As for power, the 798-cc parallel twin engine comes from the F800S. Smooth, linear torque really is important at low and moderate speeds and that is mostly what you get here. The fuel-injected, twin-cylinder engine produces a maximum 85 hp at 7,500 rpm and 61.2 lb-ft of torque at 5,750 rpm.
Occasionally, I was challenged to find the right gear ratio to get the power I needed for tricky terrain - especially oddball stuff, the really steep, rutted and off-camber stretches. But 85 horses are more than enough, given the relatively light weight. Still, the F800GS has a chain final drive, so if you're clever or ambitious, some sprocket modifications can help you change some of the performance characteristics.
That brings us to engine cooling. Riding kilometre after kilometre in first and second gear, sometimes third, can really cause a bike engine to heat up. To keep temperatures down, BMW's engineers have installed a wide radiator and placed the cylinders in a way to improve lubrication.
The long suspension travel (230 mm up front, 215 mm at the rear) is just the ticket for dual-purpose riding - not too much, not too little. As for paved road handling, the F800GS is very stable.
Stopping power is one area where this bike shines. The F800GS has a 300-mm floating disc up front, and a 265-mm disc at the rear. Antilock braking is optional and not really wanted in off-road conditions, anyway. Point is, the brakes are very strong and wonderfully easy to modulate.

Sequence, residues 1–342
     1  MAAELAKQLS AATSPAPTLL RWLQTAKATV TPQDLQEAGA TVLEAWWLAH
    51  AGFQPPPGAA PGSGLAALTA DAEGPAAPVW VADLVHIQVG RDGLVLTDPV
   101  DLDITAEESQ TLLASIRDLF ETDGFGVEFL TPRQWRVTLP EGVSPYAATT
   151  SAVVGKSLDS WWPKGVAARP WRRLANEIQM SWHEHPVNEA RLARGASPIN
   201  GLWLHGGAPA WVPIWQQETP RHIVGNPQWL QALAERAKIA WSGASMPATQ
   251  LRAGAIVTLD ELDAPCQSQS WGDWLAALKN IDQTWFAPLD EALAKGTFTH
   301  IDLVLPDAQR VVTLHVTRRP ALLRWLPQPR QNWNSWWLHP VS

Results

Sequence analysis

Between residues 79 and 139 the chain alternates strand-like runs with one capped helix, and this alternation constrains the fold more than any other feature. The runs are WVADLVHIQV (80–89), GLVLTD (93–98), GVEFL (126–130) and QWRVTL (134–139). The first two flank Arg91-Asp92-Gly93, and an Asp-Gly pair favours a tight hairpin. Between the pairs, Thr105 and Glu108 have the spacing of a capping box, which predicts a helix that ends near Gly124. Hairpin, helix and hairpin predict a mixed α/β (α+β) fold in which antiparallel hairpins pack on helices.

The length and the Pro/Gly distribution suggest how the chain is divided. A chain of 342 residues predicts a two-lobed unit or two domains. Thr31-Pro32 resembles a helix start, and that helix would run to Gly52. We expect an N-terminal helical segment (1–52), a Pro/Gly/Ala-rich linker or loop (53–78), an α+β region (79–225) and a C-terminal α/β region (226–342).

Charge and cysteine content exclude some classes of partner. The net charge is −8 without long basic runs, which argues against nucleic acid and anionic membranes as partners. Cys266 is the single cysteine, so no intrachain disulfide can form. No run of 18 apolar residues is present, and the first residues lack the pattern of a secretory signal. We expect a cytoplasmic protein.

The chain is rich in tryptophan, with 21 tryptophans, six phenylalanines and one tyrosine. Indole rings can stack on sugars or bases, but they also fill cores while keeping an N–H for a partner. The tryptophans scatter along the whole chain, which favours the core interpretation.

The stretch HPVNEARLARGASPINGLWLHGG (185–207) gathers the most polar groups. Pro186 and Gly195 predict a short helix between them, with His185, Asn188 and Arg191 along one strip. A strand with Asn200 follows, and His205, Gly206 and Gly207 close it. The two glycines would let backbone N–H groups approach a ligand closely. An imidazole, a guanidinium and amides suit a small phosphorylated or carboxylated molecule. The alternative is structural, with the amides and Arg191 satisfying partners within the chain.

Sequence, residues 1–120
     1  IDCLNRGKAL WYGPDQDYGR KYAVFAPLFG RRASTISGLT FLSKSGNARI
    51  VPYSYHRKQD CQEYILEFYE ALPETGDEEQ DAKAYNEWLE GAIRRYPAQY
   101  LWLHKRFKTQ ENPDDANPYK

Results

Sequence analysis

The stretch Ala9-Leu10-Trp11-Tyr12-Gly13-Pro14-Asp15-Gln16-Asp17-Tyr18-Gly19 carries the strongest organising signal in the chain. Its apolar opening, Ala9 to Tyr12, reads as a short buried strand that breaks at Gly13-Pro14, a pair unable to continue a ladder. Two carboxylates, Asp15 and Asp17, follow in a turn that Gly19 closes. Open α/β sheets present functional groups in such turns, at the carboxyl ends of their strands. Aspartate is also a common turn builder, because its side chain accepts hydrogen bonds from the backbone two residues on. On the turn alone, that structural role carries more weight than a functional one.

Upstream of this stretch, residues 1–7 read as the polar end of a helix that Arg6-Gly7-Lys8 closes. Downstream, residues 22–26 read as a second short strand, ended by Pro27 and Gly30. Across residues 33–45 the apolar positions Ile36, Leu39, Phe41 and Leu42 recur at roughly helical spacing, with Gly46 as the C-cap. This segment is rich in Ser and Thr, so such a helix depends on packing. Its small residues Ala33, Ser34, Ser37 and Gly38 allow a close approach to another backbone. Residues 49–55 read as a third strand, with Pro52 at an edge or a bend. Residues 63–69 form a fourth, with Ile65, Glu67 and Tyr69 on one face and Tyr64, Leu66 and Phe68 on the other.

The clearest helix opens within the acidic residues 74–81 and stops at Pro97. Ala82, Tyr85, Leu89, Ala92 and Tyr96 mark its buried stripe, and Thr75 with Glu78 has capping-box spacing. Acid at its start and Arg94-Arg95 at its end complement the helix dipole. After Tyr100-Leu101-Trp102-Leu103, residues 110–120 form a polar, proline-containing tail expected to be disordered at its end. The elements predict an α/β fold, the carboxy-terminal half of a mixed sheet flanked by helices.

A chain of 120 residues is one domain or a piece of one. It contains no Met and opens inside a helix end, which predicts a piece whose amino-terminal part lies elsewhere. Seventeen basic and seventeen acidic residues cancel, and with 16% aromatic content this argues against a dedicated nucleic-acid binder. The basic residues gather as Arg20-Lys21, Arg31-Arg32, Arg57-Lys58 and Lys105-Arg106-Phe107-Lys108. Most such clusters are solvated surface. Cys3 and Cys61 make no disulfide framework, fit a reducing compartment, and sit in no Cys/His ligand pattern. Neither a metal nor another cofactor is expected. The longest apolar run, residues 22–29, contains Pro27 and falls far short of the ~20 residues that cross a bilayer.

My tester had ABS, so I turned it off by pushing the ABS button while the bike is in neutral and until the ABS warning light stopped blinking. Unfortunately, you need to do the same thing again and again each time the ignition is turned off. However, on slippery and unfamiliar roads, ABS can keep you from sliding and that's a good thing.
All in all, the F800GS is a very good long-range touring bike. The fairing doesn't offer much protection from the wind, but it does minimize headshake and buffeting when you're wearing a big helmet. I am told a taller touring screen is available, but it's not what you want if you're really into dual-purpose riding.
I suppose this bike could have a bit more power or at least the three lower gears could be lower still for more punch. But the most glaring downside: the seat. It's well proportioned, but hard. Hours in the saddle can get downright painful.
As a whole, I like this package. It's light and pretty agile and given that over a span of four days I dropped or crashed my tester seven times in the off-roading, it seems pretty darn durable, too.
Despite everything, it never failed to start and keep going.
All aboard the Marrakesh express
2010 BMW F800GS
Type: Dual purpose motorcycle
Engine: 798-cc, two-cylinder, four-stroke
Horsepower/torque: 85 hp/61.2 lb-ft
Transmission: Six-speed manual
Alternatives: Honda Varadero, BMW F650GS, Suzuki V-Strom 650.
Like: Agile trail-rider that works on paved roads very nicely; well-placed gear lever and foot brake; robust construction
Don't like: Hard seat; at times the bike seems to be searching for the right gear ratio to match the demands of the terrain and engine output